Genre: Extreme Sports
Release Date: 10/09/2002
Evolution Skateboarding is the unofficial follow-up to Konami’s last extreme sports outing: ESPN X-Games. Fans of that game *stifles a chortle* will be glad to know that this version delivers on its alleged claims of “evolution”, which is to say that compared to their last lackluster skating entry it is marginally improved. When compared against other, more well-known, skating games like Aggressive Inline or the recently released Tony Hawk’s Pro Skater 4 however, Evolution Skateboarding comes off as a blatant attempt to cash in on the current extreme sports craze. I don’t know, maybe the developers really tried to pull out all the stops to make this game stand out from the crowd, I say that because Evolution Skateboarding incorporates a few interesting quick-combo features and boss fights. Yes, boss fights. But irregardless of their attempts to put a quirky spin on the tried-and-true trick-formula, the end result is a dull skateboarding game with unresponsive game play and a completely unsatisfying trick-system.
With Tony Hawk 4 currently out on store shelves you really have to ask “why would I want to buy Evolution Skateboarding?”, and the answer is simple: you don’t. Trust me on this one, THPS4 is ten times the skateboarding game this is, even without gimmicky, albeit fleetingly entertaining, boss-battles. The level design can be confused and awkward, the trick-system is all but unaltered relative to ESPN X-Games, and maneuvering your skater through tight areas is a full-on exercise in frustration.
As with the first few Tony Hawk games, you’ll be given a certain duration of time per run to complete various objectives. After satisfying the minimum amount of objectives you’ll be granted access to the next area. The thing about this is that each level only has a half-dozen or so objectives and they usually consist of things like “finding the secret item” or “crashing into all four crates”, that is when it isn’t generic requirements like grinding a certain distance or scoring a certain amount of points. In fairness though, the inclusion of boss battles in the career mode does successfully liven things up on occasion, although a bit more depth and intricacy could have made them more entertaining. As it is you’ll basically just need to grind certain areas of the boss to defeat it.
There is usually quite a bit to do in any given area of a level, but as far as intelligent design that allows for long strings of trick-combos, well, in this regard Evolution Skateboarding fails miserably. To make matters worse, it is unnecessarily difficult to keep a combo alive due to the fact that there is no revert. Apparently you are able to string together combos by holding up and the triangle button, but since vert-tricks rely heavily on the X button to gain altitude and since jumping into a grind also requires the use of the X button, it is difficult to keep the manual going while you attempt to hit the X button with the lower part of your thumb. Again, you just have to ask “why, for the love of God, why?”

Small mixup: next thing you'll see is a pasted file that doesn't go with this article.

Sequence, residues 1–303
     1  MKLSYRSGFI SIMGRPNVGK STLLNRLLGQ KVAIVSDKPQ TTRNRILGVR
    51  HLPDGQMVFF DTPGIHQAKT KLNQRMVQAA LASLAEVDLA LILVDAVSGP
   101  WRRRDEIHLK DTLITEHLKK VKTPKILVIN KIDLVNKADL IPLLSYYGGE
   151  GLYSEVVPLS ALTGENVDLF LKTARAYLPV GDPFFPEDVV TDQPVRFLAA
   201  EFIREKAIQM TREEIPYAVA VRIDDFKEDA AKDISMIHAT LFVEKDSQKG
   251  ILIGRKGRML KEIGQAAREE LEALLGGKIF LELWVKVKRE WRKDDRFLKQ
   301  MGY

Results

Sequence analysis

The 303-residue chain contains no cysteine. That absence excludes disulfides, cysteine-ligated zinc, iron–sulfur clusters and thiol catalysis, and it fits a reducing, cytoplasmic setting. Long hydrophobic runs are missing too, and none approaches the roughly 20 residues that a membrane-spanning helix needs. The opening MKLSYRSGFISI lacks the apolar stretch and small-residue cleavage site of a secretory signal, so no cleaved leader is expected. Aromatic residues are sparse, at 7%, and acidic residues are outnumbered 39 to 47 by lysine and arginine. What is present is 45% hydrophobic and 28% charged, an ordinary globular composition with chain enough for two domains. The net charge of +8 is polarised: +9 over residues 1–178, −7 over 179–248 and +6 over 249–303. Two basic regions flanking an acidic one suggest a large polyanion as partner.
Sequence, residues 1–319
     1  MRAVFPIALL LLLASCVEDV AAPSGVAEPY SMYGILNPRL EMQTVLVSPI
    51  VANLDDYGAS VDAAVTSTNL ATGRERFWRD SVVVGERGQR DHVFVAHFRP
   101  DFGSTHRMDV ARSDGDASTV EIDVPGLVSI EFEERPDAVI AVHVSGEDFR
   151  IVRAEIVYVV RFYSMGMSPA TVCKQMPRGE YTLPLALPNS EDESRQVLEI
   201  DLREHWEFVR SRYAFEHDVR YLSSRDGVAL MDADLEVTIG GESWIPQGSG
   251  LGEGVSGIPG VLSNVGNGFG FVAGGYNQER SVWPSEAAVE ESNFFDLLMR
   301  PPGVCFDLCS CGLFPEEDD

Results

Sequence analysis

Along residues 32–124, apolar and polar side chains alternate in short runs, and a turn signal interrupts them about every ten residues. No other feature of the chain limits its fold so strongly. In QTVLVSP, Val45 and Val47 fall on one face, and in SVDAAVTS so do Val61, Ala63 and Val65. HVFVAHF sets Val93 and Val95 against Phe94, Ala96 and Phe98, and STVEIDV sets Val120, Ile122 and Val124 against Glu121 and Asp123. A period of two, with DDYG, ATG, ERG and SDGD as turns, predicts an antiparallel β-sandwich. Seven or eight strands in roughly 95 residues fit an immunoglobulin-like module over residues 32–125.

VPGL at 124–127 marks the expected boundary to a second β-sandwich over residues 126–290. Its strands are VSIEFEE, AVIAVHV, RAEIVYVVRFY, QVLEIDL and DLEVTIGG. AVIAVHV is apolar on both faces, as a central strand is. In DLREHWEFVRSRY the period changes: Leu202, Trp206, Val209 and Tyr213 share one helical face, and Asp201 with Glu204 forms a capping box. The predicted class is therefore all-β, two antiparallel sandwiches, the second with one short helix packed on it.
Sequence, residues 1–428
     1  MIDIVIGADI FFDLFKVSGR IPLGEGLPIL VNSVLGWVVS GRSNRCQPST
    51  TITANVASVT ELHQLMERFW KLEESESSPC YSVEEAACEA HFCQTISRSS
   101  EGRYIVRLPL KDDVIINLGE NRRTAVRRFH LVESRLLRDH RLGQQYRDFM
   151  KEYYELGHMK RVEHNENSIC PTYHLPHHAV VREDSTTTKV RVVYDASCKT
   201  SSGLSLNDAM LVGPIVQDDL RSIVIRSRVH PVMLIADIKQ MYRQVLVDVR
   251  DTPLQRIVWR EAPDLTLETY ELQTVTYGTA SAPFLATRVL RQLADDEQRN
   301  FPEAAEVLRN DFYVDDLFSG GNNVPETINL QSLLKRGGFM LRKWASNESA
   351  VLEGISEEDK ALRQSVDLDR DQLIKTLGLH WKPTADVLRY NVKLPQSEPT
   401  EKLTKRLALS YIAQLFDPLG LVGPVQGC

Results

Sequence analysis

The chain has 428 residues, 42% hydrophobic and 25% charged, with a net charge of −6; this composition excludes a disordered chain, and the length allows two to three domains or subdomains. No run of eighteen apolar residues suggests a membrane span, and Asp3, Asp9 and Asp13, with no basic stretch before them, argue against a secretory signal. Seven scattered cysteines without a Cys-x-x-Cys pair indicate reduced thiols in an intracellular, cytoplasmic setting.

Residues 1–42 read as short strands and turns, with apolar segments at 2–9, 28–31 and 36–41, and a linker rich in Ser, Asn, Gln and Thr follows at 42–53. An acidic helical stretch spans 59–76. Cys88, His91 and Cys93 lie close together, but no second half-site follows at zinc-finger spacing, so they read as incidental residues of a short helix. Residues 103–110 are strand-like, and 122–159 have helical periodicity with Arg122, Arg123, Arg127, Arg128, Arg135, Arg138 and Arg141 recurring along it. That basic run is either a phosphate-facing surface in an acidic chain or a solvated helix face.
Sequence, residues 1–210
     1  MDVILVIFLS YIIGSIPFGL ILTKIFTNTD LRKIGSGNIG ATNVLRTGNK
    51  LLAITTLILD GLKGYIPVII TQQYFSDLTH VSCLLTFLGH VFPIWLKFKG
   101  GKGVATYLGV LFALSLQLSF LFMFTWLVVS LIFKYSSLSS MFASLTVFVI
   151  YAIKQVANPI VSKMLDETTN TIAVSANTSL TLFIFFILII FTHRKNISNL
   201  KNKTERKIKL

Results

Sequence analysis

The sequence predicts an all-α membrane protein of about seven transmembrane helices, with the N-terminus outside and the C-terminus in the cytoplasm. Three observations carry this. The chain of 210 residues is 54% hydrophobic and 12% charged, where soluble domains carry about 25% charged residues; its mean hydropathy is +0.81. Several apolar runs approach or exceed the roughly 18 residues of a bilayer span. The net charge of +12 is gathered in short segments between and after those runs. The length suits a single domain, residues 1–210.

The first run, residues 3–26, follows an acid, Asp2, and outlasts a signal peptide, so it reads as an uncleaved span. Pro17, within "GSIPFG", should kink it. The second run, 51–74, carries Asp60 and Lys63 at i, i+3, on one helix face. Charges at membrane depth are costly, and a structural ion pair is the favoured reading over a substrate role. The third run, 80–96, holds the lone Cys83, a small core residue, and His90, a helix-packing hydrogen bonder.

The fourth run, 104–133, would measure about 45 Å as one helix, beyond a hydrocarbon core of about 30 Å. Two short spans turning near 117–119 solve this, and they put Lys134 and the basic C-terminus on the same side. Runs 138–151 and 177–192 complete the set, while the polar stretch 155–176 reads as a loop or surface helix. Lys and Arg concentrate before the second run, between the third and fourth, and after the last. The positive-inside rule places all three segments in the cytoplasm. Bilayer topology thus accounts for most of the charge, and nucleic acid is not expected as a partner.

Visually, Evolution Skateboarding looks like Tony Hawk 2.5, which isn’t necessarily bad, but compared to the current king of hill: Tony Hawk 4, it is hard to deny its outdated-ness. Frame rate runs at a steady clip, and the skaters and their surroundings are adequately detailed, but the game lacks polish and style. The small collection of tricks found in Evolution all look pretty good, though flip-tricks seem amusingly floaty and unrealistic.
As far as the aural presentation goes, it is the same song-and-dance staging that has been seen in countless skating games before it without the moniker of Tony Hawk attached to them. There is an announcer who repeats the tricks you just performed and offers quips and insults every now and then, but unsurprisingly he gets old and annoying after only a few hours. The sounds of grinding and landing on four wheels or crashing and burning all seem appropriate but hardly stand out in contrast to other similar titles on the market. Music is composed of 15 unique licensed tracks from bands like CKY and Unwritten Law, not a bad selection of tunes but not that great either.
Evolution Skateboarding is, on one hand, a skating game that attempts to mix things up with original ideas such as boss fights, quick-combo customizations, and a nifty sticker-editor. But on the flipside it is also a game that is barely successful on anything it tries to do: the game play is unresponsive, the tricks unsatisfying, the level design unintuitive, and even the boss-fights are pretty bland. Konami would be well-advised to stick with what they know, which is a lot, but apparently skateboarding isn’t one of them. The one saving grace, however, is the fact that Solid Snake can be unlocked by completing every coin objective with every player. A cool addition? Certainly. Does it justify a fifty-dollar price-tag? Pfff, no.